We Discover “our Star” in the Ordinary Course of our Daily Lives

We Discover “our Star” in the Ordinary Course of our Daily Lives

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“… behold, wise men from the East came to Jerusalem, saying, Where is He who has been born king of the Jews?  For we have seen His star in the East, and have come to worship Him.”

Perhaps you’ve seen the touching Christmas episode of The West Wing which first aired several years ago but has since been repeated.

A few days before Christmas, Toby Ziegler, the President’s sarcastic and sardonic communications director, receives a call from the Washington D.C. police asking if he knows a homeless man who had died in the cold the night before. Toby has no idea who the man is. The police find Toby’s card in the coat the man was wearing — Toby had given the coat to a shelter a long time ago. Toby discovers that the man was a decorated Vietnam veteran; his only survivor is a brother who also lives on the streets. Toby uses his Presidential connections to arrange for the man’s internment with full military honors at Arlington National Cemetery on Christmas Eve.

During the last five minutes of the episode, the scene switches back and forth between a children’s choir — surrounded by beautiful poinsettias and candles — per­forming for the President and the White House staff, and the austere Arlington honor guard laying the homeless veteran to rest, attended only by Toby Ziegler, the deceased man’s brother, and the President’s secretary. At first, you only see the children’s choir singing The Carol of the Drum (more commonly known as the Little Drummer Boy); but as the scene cuts to the hearse pulling up to the grave site at Arlington, the orchestra begins the relentless bass rum-tum-tum, rum-tum-tum of the carol.

In those last few moments of the program, the same drum beat that celebrates the birth of the Christ child accompanies a homeless veteran on his last journey.

Today, the Church celebrates the Epiphany of Our Lord. In today’s gospel, we hear about the adoration of the Magi from the east.

The Jews had made known throughout the East their hope of a Messiah. These wise men knew about this expected Messiah, the king of the Jews. According to ideas widely accepted at the time, this sort of person, because of his significance in world history, would have a star connected with his birth. God made use of these ideas to draw to Christ these representatives of the Gentiles who would later be converted.

It seems strange that this star, which led them so near to the Christ Child, had suddenly vanished. St. John Chrysostum, Early Church Father and Doctor of the Church, claims that the star had been hidden from them so that on finding themselves without their guide, they would have no alternative but to consult the Jews. In this way the birth of Jesus would be made known to all – gentile and Jew alike.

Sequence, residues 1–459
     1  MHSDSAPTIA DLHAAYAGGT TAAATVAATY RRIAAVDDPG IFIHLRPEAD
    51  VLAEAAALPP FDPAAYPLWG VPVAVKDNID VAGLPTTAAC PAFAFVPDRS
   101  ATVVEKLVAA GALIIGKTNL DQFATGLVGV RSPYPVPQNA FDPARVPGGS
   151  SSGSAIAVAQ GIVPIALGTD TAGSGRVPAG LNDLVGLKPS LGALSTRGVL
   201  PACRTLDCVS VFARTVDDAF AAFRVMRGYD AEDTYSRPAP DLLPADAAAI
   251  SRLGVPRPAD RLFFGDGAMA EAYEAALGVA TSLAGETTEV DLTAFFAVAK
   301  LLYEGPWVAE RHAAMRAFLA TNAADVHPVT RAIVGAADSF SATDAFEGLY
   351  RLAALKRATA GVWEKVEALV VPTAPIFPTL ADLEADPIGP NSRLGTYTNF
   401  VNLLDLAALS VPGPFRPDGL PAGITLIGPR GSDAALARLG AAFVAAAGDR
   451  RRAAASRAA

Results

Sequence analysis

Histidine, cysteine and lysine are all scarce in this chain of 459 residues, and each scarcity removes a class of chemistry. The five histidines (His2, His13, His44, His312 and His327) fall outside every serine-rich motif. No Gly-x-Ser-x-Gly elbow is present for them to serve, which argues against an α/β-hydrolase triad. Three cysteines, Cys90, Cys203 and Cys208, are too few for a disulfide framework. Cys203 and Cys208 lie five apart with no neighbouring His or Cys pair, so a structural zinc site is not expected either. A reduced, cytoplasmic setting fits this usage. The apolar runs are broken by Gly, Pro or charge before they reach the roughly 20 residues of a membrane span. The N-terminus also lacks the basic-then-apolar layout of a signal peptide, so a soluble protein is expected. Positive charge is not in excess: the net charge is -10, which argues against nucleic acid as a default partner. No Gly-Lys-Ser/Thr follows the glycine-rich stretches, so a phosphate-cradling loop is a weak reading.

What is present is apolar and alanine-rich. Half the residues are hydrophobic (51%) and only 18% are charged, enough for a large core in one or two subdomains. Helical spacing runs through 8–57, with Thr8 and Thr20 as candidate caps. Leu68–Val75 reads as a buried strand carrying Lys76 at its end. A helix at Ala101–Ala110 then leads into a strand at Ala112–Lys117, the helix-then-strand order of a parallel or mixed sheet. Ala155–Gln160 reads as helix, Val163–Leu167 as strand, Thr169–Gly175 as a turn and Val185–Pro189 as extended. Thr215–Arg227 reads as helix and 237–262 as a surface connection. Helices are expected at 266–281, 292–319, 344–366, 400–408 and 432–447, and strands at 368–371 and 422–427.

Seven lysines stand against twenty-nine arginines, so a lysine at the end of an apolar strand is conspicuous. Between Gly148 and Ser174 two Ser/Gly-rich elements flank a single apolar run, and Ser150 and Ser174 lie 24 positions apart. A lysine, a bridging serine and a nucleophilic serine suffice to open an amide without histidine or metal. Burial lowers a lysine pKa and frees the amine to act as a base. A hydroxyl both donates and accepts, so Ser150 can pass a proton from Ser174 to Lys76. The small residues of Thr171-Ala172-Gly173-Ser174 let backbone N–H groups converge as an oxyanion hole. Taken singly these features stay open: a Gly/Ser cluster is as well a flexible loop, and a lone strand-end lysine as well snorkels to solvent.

St. John Chrysostom also points out that God calls the Magi by means of the things they are most familiar with; and so He shows them a large and extraordinary star so that they would be impressed by its size and beauty.  God called the wise men in the midst of their ordinary occupations as astronomers, and He still calls people in this way. He called Moses when he was shepherding his flock, and Elisha the prophet  plowing his land with oxen, and Amos, another prophet, looking after his herd.  What at first glance amazes us seems natural at closer look: that God has sought you out in the practice of your profession! That is how He sought the apostles, Peter and Andrew, James and John, beside their nets – fishing, and Matthew, sitting at the customs table collecting taxes. And — wonder of wonders! — He even calls St. Paul, in the midst of his eager responsibility to persecute and destroy the Christians.

        My brothers and sisters in Christ, like Toby Ziegler, the President’s cynical communications director and like the Magi in today’s gospel, in the ordinary course of our daily lives, we have discovered a star — a light and a guide in the sky of our soul. We have seen His star in the East and have come to worship Him.  We have had the same experience. We too noticed a new light shining in our soul and growing increasingly brighter. It was a desire to live a fully Christian life, and a keenness to take God seriously.

But also like the haunting drum beat on that Christmas episode of The West Wing we discover the paradox of the Epiphany. We rejoice with the Magi at the Messiah’s coming, but the work of the Messiah may also lead to rejection, ridicule and death. The light of Christ will shatter the darkness, but the darkness will not disperse willingly. Jesus, who will preach compassion and forgiveness, who will welcome the poor and rejected, who will bring healing and joy into the lives of the hurting and lost, will also be brought to ruin by the Herods and Judases in His life.

But the promise of Epiphany is that the light of Christ will ultimately triumph. As the magi depart let us resolved to remain walking with Christ from the manger in Bethlehem all the way to Golgatha outside of Jerusalem; to follow not just the beautiful star of Christmas but also the hard road of the Calvary; to accompany Jesus from the lake side to the upper room. The drums of the Little Drummer Boy Christmas Carol will be muted as the Christ event unfolds; but they shall beat once again in joy on Easter morning, the day of the Messiah’s complete victory over the darkness.

Mary, Seat of Wisdom, pray for us!

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